San Pascual
Today, San Pascual is chiefly known as a patron of the kitchen in token of his work as a cook. In religious art he is shown dressed in the brown robes of a Franciscan, kneeling in a kitchen while in engrossed in meditation of the Eucharistic. In New Mexico his image has become an ubiquitous element of “Santa Fe-inspired” décor. San Pascual is patron of shepherds, cooks, and Eucharistic Congresses or associations. 

My recipe this week is from a cookbook I found at a yard sale many years ago. “Betty Crockers Bisquick™ Cookbook” This cobbler is on page 23 in this cookbook. I have the pleasure to participate in my food blogger friend Louise‘s, “Months Of Edible Celebrations.” She is posting to her blog recipes that are taken from cookbooks, magazines, booklets, etc. on Wednesday, as “Cookbook Wednesdays.” So stop over at her blog and tell her that I sent you, she may have a cup of coffee for you...This “Cherry Cobbler” is so yummy that your family will love every morsel. So flavorful and easy to prepare. I also have a drink called a “Cherry Cobbler Cocktail” that will make your taste buds dance…So enjoy “National Cherry Cobbler Day!” (Look for “Tips” under the recipes…)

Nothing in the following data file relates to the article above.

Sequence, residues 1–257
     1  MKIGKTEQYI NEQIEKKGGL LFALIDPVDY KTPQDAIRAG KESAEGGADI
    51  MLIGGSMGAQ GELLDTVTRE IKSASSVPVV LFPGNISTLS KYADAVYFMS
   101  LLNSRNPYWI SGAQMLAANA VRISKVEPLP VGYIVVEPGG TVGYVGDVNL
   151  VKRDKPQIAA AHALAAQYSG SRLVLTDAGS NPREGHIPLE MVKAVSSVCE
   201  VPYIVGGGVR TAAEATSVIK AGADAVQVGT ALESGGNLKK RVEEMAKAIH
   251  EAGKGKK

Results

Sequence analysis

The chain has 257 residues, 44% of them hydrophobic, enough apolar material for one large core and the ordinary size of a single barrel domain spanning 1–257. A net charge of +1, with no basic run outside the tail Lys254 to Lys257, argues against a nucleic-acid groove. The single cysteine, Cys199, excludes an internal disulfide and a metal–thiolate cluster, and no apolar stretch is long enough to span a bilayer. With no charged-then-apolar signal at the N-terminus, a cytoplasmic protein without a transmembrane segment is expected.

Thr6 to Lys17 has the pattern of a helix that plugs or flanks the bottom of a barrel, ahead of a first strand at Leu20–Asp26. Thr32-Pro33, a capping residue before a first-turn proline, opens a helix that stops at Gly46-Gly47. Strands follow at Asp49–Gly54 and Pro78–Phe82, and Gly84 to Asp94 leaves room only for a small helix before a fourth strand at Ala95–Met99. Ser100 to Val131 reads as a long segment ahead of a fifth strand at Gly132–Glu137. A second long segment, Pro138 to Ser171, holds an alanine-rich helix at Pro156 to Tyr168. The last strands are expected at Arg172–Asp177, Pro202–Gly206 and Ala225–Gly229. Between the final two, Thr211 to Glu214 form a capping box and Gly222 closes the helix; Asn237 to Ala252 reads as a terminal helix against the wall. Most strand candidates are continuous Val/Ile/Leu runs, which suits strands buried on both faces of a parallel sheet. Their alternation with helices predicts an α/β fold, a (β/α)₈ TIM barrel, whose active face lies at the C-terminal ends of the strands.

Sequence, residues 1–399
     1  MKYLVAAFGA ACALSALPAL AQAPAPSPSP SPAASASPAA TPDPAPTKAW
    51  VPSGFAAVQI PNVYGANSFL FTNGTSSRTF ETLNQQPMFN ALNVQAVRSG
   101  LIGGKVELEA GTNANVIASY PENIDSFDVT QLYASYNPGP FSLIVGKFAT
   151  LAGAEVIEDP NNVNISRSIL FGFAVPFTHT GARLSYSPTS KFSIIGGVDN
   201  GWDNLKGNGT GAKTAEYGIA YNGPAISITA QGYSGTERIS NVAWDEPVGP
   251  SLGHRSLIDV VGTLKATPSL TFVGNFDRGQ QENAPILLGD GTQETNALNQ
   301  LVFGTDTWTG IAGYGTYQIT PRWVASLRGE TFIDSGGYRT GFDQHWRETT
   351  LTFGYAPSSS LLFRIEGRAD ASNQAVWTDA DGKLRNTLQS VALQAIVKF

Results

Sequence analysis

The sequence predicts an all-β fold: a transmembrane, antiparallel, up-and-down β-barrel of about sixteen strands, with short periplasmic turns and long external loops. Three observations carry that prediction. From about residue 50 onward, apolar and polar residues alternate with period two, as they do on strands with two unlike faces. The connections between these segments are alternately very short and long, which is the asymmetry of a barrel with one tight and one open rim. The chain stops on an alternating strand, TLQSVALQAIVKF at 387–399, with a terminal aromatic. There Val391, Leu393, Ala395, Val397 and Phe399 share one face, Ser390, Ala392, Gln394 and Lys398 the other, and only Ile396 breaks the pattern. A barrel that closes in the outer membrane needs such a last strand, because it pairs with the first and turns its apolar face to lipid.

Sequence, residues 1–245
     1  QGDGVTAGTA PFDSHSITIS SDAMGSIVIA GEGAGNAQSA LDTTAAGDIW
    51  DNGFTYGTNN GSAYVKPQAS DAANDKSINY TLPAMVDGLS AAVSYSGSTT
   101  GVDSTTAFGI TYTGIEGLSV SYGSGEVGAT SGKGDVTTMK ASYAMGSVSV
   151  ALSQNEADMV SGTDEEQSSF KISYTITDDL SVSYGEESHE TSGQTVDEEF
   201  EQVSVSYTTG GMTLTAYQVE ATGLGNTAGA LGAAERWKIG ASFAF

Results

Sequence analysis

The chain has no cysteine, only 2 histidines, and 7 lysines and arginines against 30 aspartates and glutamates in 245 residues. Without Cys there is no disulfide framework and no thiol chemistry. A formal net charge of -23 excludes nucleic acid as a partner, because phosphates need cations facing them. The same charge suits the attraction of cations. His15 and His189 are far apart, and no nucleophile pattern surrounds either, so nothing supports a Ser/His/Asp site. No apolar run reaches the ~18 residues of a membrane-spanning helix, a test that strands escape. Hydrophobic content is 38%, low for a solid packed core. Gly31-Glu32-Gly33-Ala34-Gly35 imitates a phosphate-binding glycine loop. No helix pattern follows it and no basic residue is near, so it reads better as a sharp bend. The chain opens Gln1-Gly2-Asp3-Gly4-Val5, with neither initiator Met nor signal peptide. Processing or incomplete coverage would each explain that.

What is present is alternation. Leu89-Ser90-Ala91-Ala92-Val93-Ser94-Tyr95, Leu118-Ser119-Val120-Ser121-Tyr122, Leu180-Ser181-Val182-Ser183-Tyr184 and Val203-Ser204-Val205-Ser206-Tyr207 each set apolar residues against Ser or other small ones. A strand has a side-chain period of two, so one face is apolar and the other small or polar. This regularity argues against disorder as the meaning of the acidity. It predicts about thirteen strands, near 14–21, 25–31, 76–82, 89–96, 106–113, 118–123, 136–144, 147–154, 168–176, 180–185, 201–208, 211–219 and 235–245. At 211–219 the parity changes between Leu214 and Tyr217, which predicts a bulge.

It’s even easier than pie! Bake tempting cobbler the easy way with cherry pie filling. It’s perfectly baked under a tender, flaky crust. So good!!

Cherry Cobbler” Serves: 6

1 can (21 oz) cherry pie filling
1 cup Original Bisquick mix
1/4 cup milk
1 tablespoon sugar
1 tablespoon butter, softened
1/4 cup miniature semisweet chocolate chips (optional)

Spread pie filling in un-greased 1 1/2 quart casserole. Place in cold oven. Heat oven to 400ºF; let heat 10 minutes. Remove pan from oven. While pie filling is heating, stir remaining ingredients until soft dough forms. Drop by 6 spoonfuls onto warm pie filling. Sprinkle with additional sugar if desired. Bake 18 to 20 minutes or until topping is light brown. 

******Expert Bonus:
This recipe is so easy and delicious. Also much lighter cobbler than traditional recipes. Cherry is a favorite but works with any flavor pie filling. So good with ice cream or whipped topping. You can add Chocolate Chips and an extra drizzle of chocolate. Add and melt 1/4 cup miniature semisweet chocolate chips, drizzle on top of cobbler. Because ovens generally take ten minutes to preheat, heating the filling and the oven at the same time is a convenient dovetailing method. Also, if cobbler fillings aren’t heated before the dough is added, the dough may still have many uncooked spots after baking.